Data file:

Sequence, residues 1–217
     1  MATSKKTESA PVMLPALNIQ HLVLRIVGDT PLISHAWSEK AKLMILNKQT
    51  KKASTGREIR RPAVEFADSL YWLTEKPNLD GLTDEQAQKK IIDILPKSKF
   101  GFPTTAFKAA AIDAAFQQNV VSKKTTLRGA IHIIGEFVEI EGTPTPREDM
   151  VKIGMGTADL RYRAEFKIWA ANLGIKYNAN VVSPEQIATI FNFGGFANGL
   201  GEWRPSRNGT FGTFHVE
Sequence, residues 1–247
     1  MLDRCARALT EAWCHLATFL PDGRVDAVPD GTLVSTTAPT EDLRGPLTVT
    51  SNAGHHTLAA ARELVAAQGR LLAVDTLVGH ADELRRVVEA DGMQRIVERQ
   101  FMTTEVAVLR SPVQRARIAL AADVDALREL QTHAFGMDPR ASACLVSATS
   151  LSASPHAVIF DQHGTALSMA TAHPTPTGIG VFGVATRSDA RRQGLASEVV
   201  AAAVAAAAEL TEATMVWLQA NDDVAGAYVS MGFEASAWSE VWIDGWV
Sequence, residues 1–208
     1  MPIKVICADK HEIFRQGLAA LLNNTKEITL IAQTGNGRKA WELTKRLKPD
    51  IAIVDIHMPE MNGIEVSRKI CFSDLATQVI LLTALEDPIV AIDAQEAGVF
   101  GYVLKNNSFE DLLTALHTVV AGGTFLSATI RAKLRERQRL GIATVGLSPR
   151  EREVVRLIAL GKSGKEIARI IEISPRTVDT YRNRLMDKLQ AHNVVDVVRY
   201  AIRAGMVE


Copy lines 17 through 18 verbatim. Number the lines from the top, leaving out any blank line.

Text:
   151  EREVVRLIAL GKSGKEIARI IEISPRTVDT YRNRLMDKLQ AHNVVDVVRY
   201  AIRAGMVE